SAVANNAH, Ga. — A proposed $4.5 billion port terminal to be shared by Georgia and South Carolina came closer to reality Monday as the states’ port officials signed a new deal for managing the project and voted to ask a federal agency for the permits required to start construction.
Governors of the neighboring states decided eight years ago to work together on developing the Jasper Ocean Terminal on the South Carolina side of the Savannah River. The plan calls for the states to jointly run a shipping terminal with space for up to 7 million cargo containers before growing business causes the ports of Savannah and Charleston to run out of room.
Georgia Gov. Nathan Deal said the new agreement will help ensure “that we not only grow today but that we continue to grow for decades to come.” And South Carolina Gov. Nikki Haley hailed the deal as “an incredible opportunity to strengthen our ports system.”
After years of studying – and sometimes debating – whether the massive project was feasible, port officials from both states have now agreed to spend the coming years working toward designing and financing the shared terminal while the U.S. Army Corps of Engineers conducts the environmental studies required before construction can begin.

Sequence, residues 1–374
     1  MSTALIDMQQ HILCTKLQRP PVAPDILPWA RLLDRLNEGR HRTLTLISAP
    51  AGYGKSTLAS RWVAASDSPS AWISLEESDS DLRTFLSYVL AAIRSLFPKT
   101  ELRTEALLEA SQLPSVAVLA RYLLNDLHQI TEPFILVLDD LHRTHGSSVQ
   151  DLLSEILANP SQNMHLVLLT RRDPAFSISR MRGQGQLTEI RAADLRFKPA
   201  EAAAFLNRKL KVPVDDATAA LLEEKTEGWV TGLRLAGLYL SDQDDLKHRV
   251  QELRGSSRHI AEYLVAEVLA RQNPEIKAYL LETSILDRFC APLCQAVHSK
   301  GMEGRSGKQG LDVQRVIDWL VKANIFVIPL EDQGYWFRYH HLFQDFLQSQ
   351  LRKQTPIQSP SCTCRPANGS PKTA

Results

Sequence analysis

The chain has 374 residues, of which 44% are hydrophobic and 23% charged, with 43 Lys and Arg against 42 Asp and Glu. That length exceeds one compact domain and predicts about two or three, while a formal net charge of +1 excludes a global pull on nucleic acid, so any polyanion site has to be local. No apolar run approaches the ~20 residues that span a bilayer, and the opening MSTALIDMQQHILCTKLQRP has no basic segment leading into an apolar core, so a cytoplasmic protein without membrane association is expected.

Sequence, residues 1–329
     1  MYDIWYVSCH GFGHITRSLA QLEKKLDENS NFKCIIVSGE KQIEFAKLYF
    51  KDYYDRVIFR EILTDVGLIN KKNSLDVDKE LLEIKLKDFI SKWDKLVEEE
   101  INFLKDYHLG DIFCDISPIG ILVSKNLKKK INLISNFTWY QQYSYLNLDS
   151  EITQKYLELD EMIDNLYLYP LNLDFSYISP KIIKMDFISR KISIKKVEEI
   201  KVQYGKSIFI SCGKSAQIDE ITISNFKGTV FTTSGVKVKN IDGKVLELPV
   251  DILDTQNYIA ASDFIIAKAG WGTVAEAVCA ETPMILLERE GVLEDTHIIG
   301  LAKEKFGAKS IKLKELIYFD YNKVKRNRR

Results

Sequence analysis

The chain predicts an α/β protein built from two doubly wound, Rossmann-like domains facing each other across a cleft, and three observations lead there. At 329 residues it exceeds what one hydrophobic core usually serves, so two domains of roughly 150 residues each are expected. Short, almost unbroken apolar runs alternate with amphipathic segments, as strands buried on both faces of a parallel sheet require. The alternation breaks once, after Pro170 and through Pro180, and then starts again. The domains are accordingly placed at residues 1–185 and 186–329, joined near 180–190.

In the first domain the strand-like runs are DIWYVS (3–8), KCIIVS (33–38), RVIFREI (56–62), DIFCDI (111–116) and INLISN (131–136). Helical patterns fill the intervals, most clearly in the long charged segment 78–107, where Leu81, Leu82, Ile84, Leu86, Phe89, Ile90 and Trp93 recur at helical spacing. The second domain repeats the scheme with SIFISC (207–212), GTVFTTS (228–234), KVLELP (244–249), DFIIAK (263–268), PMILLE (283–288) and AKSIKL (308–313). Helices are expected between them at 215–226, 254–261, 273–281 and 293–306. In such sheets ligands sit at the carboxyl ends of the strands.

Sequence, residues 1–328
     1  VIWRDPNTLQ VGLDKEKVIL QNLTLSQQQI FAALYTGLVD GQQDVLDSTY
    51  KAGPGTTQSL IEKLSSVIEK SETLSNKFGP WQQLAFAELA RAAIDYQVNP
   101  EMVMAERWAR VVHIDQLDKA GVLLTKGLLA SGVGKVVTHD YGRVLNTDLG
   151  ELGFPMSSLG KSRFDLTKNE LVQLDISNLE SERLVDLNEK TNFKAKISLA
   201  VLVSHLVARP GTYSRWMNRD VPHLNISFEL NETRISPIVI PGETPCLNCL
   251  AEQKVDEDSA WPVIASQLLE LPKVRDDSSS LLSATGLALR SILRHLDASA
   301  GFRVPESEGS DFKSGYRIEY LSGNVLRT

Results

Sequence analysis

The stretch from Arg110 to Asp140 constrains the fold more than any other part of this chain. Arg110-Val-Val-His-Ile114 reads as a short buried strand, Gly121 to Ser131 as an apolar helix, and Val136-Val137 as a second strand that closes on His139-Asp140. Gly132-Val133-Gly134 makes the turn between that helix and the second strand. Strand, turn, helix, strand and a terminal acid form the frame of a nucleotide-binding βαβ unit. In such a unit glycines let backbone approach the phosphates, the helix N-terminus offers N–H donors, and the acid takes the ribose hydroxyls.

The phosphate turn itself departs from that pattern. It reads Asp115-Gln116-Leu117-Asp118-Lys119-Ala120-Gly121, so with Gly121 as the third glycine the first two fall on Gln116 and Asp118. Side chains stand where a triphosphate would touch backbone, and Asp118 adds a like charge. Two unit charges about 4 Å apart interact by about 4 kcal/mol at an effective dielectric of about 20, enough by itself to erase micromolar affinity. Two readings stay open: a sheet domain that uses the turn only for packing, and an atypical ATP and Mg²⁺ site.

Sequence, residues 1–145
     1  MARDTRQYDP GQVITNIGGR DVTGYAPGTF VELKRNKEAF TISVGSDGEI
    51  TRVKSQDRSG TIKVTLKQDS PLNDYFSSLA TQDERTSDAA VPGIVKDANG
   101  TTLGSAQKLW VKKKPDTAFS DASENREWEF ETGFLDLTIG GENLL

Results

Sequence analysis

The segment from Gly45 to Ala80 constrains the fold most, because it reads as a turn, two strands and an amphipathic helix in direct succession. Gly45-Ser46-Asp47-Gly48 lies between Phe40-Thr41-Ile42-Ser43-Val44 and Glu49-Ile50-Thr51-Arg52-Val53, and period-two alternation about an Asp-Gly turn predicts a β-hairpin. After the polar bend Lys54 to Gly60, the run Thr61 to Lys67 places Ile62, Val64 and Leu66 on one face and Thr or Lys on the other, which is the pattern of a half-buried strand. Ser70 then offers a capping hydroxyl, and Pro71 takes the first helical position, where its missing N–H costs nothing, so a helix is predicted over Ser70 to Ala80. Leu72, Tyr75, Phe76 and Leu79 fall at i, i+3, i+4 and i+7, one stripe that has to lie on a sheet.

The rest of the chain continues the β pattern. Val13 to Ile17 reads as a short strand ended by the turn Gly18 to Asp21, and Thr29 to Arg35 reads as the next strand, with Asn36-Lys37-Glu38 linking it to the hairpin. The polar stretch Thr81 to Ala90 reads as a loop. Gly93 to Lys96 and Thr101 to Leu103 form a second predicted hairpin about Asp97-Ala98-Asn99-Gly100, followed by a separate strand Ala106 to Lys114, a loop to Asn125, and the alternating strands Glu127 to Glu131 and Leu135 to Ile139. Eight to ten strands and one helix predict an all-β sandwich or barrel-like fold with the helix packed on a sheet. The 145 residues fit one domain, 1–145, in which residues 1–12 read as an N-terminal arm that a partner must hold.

Paperwork asking the Corps’ Charleston District to begin studies on the land construction should be submitted before Thanksgiving, said Doug Marchand, the project’s executive adviser. A similar packet seeking permits to widen and deepen the shipping channel is expected to be sent to the agency’s Savannah District in early December.
The terminal would be built in Jasper County, South Carolina, across the river from Savannah. Environmental studies could take eight years, with years of construction following. Consultants have said 2029 is the earliest they would expect to see completion of the project’s first phase, which is expected to cost more than $2 billion.
The new joint project agreement calls for Georgia and South Carolina to each shoulder half the Jasper terminal’s costs.
The states still need to decide how they would pay for it. Jeffrey Holt, a banker who specializes in financing for port expansions and other infrastructure projects, told the board overseeing the Jasper County terminal Monday that for every $1 billion borrowed, the states should expect to pay $50 million to $130 million each year to cover debt obligations.
“Really, the sheer numbers of this thing are staggering,” said Holt, who suggested that port officials look for ways to reduce the price tag.